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How to Help a Picky Eater with Autism

Many children with autism won't eat certain foods because of taste, texture, smell or color.



Jackson Cointot was more than a finicky eater when he was 3 years old. His extremely limited diet of pizza, cheese curls and Cheerios led his desperate parents to search for help and nutritional guidance.

Before being diagnosed with autism at age two-and-a-half, Jackson was eating baby food and a small variety of other foods. Gradually, his strong gag reflex and an aversion to eating with a spoon resulted in him choosing only carbs and snack foods – a common problem for children on the autism spectrum, as well as some typical children.

An estimated 25 percent of typical children develop feeding or eating problems, but among children with autism it is as high as 80 percent, according to the Indiana University Resource Center for Autism in Bloomington.

Taste, texture, smell or color

Allison Cointot, 36, Jackson’s Ridley Park, PA mom, and her husband, Keith, looked into intensive food-therapy programs and force-feeding options.

Instead, they decided to have Jackson work with behavior analyst Jennifer King, the owner of Teaching Together, who says that the majority of children she works with who have autism are extremely picky eaters, which often translates to problems with taste, texture, smell or color.

The family’s goal for Jackson was to add more nutritional food choices, fruit, vegetables and textures – basically anything other than carbs.

“I use a softer and gentler approach than many other behavioral programs,” says King.

King takes foods that the child used to eat and encourages him to begin with touching, smelling and licking the food and then take a bite – all of this is done with patience, positive reinforcement and family cooperation.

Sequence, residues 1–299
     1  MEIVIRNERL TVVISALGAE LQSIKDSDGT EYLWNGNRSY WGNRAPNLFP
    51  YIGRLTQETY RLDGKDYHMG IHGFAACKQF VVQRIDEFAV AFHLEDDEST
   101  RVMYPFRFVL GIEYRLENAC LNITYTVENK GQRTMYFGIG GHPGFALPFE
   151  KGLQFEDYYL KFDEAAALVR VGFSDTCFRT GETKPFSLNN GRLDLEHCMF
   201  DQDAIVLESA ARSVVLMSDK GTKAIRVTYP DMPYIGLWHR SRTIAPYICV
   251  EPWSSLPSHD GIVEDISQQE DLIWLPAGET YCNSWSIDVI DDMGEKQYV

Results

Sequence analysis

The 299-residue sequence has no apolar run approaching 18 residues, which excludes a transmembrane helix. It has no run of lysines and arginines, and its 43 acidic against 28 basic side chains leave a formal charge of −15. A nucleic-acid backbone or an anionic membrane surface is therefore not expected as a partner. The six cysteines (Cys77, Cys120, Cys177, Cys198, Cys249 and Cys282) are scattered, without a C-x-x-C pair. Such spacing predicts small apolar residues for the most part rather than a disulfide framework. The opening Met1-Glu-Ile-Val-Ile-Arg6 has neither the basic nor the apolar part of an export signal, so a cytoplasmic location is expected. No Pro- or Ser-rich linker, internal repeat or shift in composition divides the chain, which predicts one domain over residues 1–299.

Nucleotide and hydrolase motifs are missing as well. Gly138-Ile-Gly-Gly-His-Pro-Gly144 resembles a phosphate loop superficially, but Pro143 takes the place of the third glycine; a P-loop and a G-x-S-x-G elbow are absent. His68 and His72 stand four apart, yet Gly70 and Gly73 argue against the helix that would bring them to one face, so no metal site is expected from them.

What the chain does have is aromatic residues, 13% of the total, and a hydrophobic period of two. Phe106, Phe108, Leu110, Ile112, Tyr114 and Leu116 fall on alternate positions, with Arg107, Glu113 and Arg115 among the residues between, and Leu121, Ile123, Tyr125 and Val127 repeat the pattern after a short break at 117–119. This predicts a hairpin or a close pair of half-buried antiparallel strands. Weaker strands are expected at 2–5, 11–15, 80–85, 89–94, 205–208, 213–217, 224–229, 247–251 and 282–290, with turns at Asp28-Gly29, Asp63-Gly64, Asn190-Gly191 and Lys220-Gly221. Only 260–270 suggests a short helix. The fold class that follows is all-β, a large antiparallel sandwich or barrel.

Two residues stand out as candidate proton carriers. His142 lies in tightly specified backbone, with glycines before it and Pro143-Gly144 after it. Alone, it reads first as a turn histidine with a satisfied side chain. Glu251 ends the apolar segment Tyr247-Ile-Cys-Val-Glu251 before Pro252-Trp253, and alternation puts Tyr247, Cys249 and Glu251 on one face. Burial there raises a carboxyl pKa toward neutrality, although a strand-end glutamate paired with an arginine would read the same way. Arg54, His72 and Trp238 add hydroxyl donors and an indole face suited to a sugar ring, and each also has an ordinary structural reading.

“I make feeding therapy fun. The long-term goal is for the child to eat fruits and vegetables,” King explains, “but the short-term goal is for the child to learn to trust me.”

Gateway foods

King may take a picky eater’s love for French fries as a gateway for her to try sweet potato fries and, eventually, carrot and red pepper sticks.

“Many children will try crunchy foods as opposed to squishy foods, like soft veggies. After we’ve been working for a while, children will go along with me and try Nutella on a sandwich, with or without peanut butter, and after a year or two they may have graduated to roasted broccoli.”

She says often parents want the child to eat the entire portion, while King sees one bite as a victory.

Her advice: “I would say to go slow, go back to the foods like apple sauce the child used to eat. I know that parents get frustrated, but there is a light at the end of the tunnel. Most of the children I have worked with have been successful in meeting their goals. Almost all of them have been able to add all five food groups back into their diet.”

So, how did King’s therapy and the family’s follow-through change the life of Jackson, now a 4-year-old preschooler?

“My son now eats every texture and items from every food group,” says Allison. “Our family can go to a restaurant and can find items for Jackson to eat. He is getting vitamins and nutrients. He was starting to gain weight by eating all those carbs and now his belly is thinning out. Mealtime is no longer a battle and he can make his own choices.”